# Is this a viable way to increase an object's mass/energy?

1. Feb 19, 2016

### danndann1

Lets say that somewhere in space there is a spaceship that has 2 identical reactors - one in the front and one in the back. The spaceship is stationary relative to earth. We fire both reactors in such a way that spaceship remain stationary relative to earth. Did its mass increased? Did its energy increased?

2. Feb 19, 2016

### Orodruin

Staff Emeritus
No, if anything the mass (and energy) decreased due to radiating away energy.

3. Feb 19, 2016

### danndann1

ok, now consider the same ship with the same power reactors, both in the back, accelerating around the earth. Does its mass/energy increases? If yes why?

4. Feb 19, 2016

### Orodruin

Staff Emeritus
No, it does not. It is also not clear what you mean by "accelerating around the earth".

5. Feb 19, 2016

### danndann1

Dont know why my statement is confusing!?! I meant the ship is orbiting the earth not with a constant speed but with whatever acceleration the engine is capable of producing...

6. Feb 19, 2016

### Orodruin

Staff Emeritus
If you accelerate you will no longer be in an orbit. If you accelerate enough, you will reach escape velocity.

7. Feb 19, 2016

### danndann1

So relative to what is the ship accelerating when it gains speed from zero to lets say 10000 km/h while orbiting the earth?

8. Feb 19, 2016

### Vitro

Acceleration can be measured in some arbitrary coordinate system (coordinate acceleration) or by an accelerometer on board the ship (proper acceleration).

9. Feb 19, 2016

### Orodruin

Staff Emeritus
It seems that you do not get the point here. You cannot be in orbit travelling at 0 km/h (relative to the Earth). You also cannot say that you are "in orbit" when you are accelerating - it refers to a particular bound state of the system.

10. Feb 19, 2016

### jbriggs444

You are postulating magical reactors that produce energy out of nothing and generate force without reaction? Both violate the laws of physics.

If you spit reaction mass out the back of the craft, you lose mass. If you emit energy in any form, you lose the mass equivalent of that energy. If you close all the windows and doors, plug all the nozzles and make sure that your insulation is perfect then you can run the engines as long as you please and not lose mass. But then you won't go anywhere either.

11. Feb 19, 2016

### Ibix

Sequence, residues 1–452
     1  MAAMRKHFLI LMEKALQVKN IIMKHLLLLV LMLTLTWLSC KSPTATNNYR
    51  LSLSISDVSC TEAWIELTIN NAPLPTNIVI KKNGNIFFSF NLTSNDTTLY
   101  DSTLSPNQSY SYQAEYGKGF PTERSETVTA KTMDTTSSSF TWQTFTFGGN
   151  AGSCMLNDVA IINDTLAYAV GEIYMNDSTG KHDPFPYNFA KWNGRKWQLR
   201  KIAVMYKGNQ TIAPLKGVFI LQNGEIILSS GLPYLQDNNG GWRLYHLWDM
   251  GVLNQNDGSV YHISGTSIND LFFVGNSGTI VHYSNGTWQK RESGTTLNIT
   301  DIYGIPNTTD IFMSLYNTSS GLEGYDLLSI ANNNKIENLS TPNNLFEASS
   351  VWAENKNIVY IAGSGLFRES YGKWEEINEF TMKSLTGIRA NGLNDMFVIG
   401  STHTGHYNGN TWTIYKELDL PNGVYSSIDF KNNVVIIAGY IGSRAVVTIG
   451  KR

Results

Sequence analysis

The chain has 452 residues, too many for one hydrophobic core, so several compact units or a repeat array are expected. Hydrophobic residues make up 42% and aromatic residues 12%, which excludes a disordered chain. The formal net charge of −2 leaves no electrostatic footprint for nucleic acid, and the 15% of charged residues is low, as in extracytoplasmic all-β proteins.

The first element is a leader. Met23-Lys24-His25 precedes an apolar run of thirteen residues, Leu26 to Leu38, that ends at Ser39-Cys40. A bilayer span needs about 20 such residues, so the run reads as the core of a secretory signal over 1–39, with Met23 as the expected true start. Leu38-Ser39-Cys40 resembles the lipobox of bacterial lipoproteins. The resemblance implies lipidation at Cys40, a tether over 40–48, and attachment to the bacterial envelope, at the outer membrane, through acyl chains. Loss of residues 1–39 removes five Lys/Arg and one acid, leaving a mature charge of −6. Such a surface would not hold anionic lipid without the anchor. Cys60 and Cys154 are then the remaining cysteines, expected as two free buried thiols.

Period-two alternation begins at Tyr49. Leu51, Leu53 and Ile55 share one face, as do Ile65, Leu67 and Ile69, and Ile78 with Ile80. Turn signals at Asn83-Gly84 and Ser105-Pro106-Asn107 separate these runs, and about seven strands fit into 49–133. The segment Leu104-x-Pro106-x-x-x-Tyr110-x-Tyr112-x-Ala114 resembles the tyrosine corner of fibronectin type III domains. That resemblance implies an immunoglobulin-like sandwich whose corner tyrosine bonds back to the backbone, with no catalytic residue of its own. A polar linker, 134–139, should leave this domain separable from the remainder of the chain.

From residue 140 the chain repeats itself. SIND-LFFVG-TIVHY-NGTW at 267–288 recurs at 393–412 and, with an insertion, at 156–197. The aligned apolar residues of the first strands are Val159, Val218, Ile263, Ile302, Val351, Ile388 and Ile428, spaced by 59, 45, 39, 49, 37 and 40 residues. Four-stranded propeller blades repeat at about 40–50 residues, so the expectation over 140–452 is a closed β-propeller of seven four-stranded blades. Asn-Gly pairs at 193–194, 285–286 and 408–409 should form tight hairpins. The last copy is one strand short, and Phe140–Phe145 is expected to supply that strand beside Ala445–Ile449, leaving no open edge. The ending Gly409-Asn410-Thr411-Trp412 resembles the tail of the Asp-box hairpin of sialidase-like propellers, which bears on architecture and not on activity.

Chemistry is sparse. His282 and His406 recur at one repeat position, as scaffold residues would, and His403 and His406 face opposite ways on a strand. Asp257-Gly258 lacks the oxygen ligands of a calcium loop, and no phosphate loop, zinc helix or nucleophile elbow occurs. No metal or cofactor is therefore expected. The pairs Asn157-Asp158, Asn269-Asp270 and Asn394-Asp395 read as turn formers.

OP: Are you thinking of relativistic mass? That an object at initially at rest in some frame then accelerated to a high velocity increases mass because of the energy given to it by the rockets? And then wondering what happens if you fire rockets in opposite directions so that it remains stationary?

If so, there are three issues here. The first is relativistic mass - it's an out-of-date concept that isn't really used any more except in pop sci presentations where it sounds cool. So the short answer is that the spaceship doesn't gain mass even in the moving case, despite what you may have read. The second is that the engines do no work on the spaceship if they are acting in opposition to each other, so the rocket's energy doesn't increase anyway. Both exhaust plumes are more energetic in this case than they would be if they were accelerating the spaceship; these carry away the energy. The third is that the reaction mass is being spit out of the rocket so its mass is rapidly decreasing, although you could get around this by specifying that you are interested in the "dry mass" of the rocket - the mass with its fuel tanks empty.

There is one slight modification to the above, which is that a rocket under thrust is subject to compressional stress. This will, I think, affect its mass, although only very slightly for any plausible rocket, and it will not change over time while the rockets are at constant thrust.

12. Feb 19, 2016

### danndann1

I was actually trying to get to this:
Is a spaceship that accelerates away from an observer, warps timespace around it and thus its clock runs slower then the observer clock?
If yes, isnt the ship, as long as it accelerates, gaining mass in the process? because i think ive read somewhere that for a ship that gets close to the speed of light its mass tends to infinity?!?

13. Feb 19, 2016

### Ibix

The spaceship does not warp space time. Time dilation is simply an effect of a disagreement over the definition of "now", which is a slightly more flexible concept in relativity than one might think from our every day experience. There is no warping going on.

The ship does not gain mass as it accelerates. Older texts do say that "relativistic mass" increases with velocity, but no-one uses relativistic mass any more because it causes nothing but confusion. Modern pop sci presentations continue to use it because they can afford to be careless, and it sounds cool. It's not helpful. I seriously recommend that you forget that idea.

14. Feb 19, 2016

### pervect

Staff Emeritus
If you track down what you read, you'll find that what you read about is "relativistic mass". Once you're familiar with this terminology, you can read the rather long (and somehwat repetitive) discussion about the issue, which can be quickly summarized sy saying that a lot of the lay population are very enthusiasitic about it, while those who have a more technical backround are not so enthusiastic about it. . You may eventually arrive at an understanding of why people are not enthusiastic about it, but that may take some time. Along the way you may well have to revisit some concepts like "energy".

15. Feb 20, 2016

ty all